The first of Steve McQueen’s ‘Small Axe’ films opens the New York Film Festival

Lovers Rock SMALL AXE

Dir. Steve McQueen. UK. 2020. 68 mins

Steve McQueen invites the viewer into a whole world in a terraced front room in Lovers Rock, a Notting Hill house party thrown by the West Indian community. It’s a musical and a piece of time and a feeling that’s a privilege to share. Made for BBC TV as part of McQueen’s five-part ‘Small Axe’ series, Lovers Rock was one of two films selected for Cannes (the other being the longer, true-to-life Mangrove), and now opens the New York Film Festival. As evidenced by those selections, its 68-minute run-time is the only part of Lovers Rock that hints at its small-screen origins; this film is special, in so many ways.

McQueen’s least conventional, most cinematically impressive work since Hunger

McQueen is an artist-turned-Oscar-nominated filmmaker, so it’s natural he wants to bend the camera to his will, but this is his least conventional, most cinematically impressive work since Hunger. He wants to talk about the black experience in the UK across this series, and in Lovers Rock he hangs it on a house party in 1980 where young Martha (Amarah-Jae St Aubyn) and Franklyn (Micheal Ward) meet. There are two extraordinary sequences, bravura set-pieces, which bristle with McQueen’s filmmaking brio: one set to the music of the 1979 anthem ‘Silly Games’, and the other, more masculine energy of ‘Kunta Kinte’. Choreography – on the floor and with the camera – is absoluely mesmerising.

But surrounding these showcases is a private, black British life, the one that was led behind closed doors. It’s in the music, from the reggae to the soul, to the speaker stacks, the Selector, the tones of the rich spoken word, the accents, the home-made clothes and the swish of the skirts and the church shoes and elaborate hats and hairstyles. It’s in the kitchen where goat curry and ackee is being made and sold. And it’s on the dancefloor, where a new generation of British West Indians surrender themselves to the music and reduce the world outside to nothing.

If ever there was a film to make an audience crave their youth and crank the volume up, Lovers Rock is it: to dance like Martha’s cousin in a world of your own. The sensations are so strong because these are written memories, shot with emotion. Arms touch on the dancefloor; dresses stretch and sway; the camera glides and caresses, then it jumps with the swinging dreadlocks and top hats. Even the flock wallpaper sweats, and the camera melts in tandem. Nobody has to say much about the world outside this Blues dance: it’s all understood, when the British-born characters switch between their Jamaican-inflected patios and London speech. Here they can be their true selves, or the selves they’d like to be. There are always hints of danger - external and internal - that might erupt.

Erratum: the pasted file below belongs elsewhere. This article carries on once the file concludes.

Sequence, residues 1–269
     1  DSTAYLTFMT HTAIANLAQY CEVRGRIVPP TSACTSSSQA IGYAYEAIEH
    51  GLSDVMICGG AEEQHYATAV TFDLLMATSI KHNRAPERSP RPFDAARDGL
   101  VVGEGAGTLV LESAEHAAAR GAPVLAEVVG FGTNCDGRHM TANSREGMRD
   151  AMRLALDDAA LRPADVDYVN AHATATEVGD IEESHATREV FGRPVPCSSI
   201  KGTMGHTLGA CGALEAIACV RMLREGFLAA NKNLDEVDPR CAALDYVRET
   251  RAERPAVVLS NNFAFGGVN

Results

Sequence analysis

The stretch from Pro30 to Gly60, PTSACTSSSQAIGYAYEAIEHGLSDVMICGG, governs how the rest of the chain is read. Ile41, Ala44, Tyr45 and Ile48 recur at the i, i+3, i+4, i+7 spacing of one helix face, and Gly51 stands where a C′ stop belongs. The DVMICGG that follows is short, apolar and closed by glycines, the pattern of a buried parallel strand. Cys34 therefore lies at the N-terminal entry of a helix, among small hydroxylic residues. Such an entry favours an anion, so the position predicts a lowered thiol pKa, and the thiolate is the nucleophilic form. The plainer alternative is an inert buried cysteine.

From the very onset, with the tube train piercing the dusk and the heated preparations inside the house, Lovers Rock relies utterly on sound. The birds; singing in the kitchen; the lilt of the language; the joy of getting ready; and the boom box on the bus where Martha and her best friend Patty (Shaniqua Okwok) take their seats for this illicit night out (Martha has shimmied down the drainpipe from her bedroom window). It’s a night you wish would never end, but 68 minutes flies by in this company. Jacqueline Durran’s costumes impress, and add much to the piece, but they meld into it; likewise the hairstyles fit into the room and period perfectly without moving attention away from what’s going on.

Emerging, blinking, with the protagonists into the morning light, there’s the joy of reality, and the harshness of it too. Our kids are in love, but the world outside isn’t going to be loving to them or their dreaminess. It’s to McQueen and co-writer Courttia Newland’s credit here that we realise this in subtle shifts - from patois to whitespeak and back again - only once or twice is it made explicit, and Lovers Rock is all the more powerful for it.

Like Normal People, this is a powerful evocation of youth, but much more besides. The black British experience, celebrated, and with the sexiest of shimmies. In year where cinema has turned on its head, could the best film be a mere 68 minutes, and made for TV? Lovers Rock makes a strong case.

Production companies: Lammas Park, Turbine Studios

International sales: BBC Worldwide (airing on BBC One in the UK and Amazon in the US)

Executive producers: Steve McQueen, Tracey Scoffield, David Tanner

Screenplay: Courttia Newland, Steve McQueen

Cinematography: Shabier Kirchner

Editing: Chris Dickens, Steve McQueen

Production design: Helen Scott

Main cast: Micheal Ward, Amarah-Jae St Aubyn, Shaniqua Okwok, Kedar Williams-Stirling, Ellis George, Alexander James-Blake, Kadeem Ramsay, Francis Lovehall, Daniel Francis-Swaby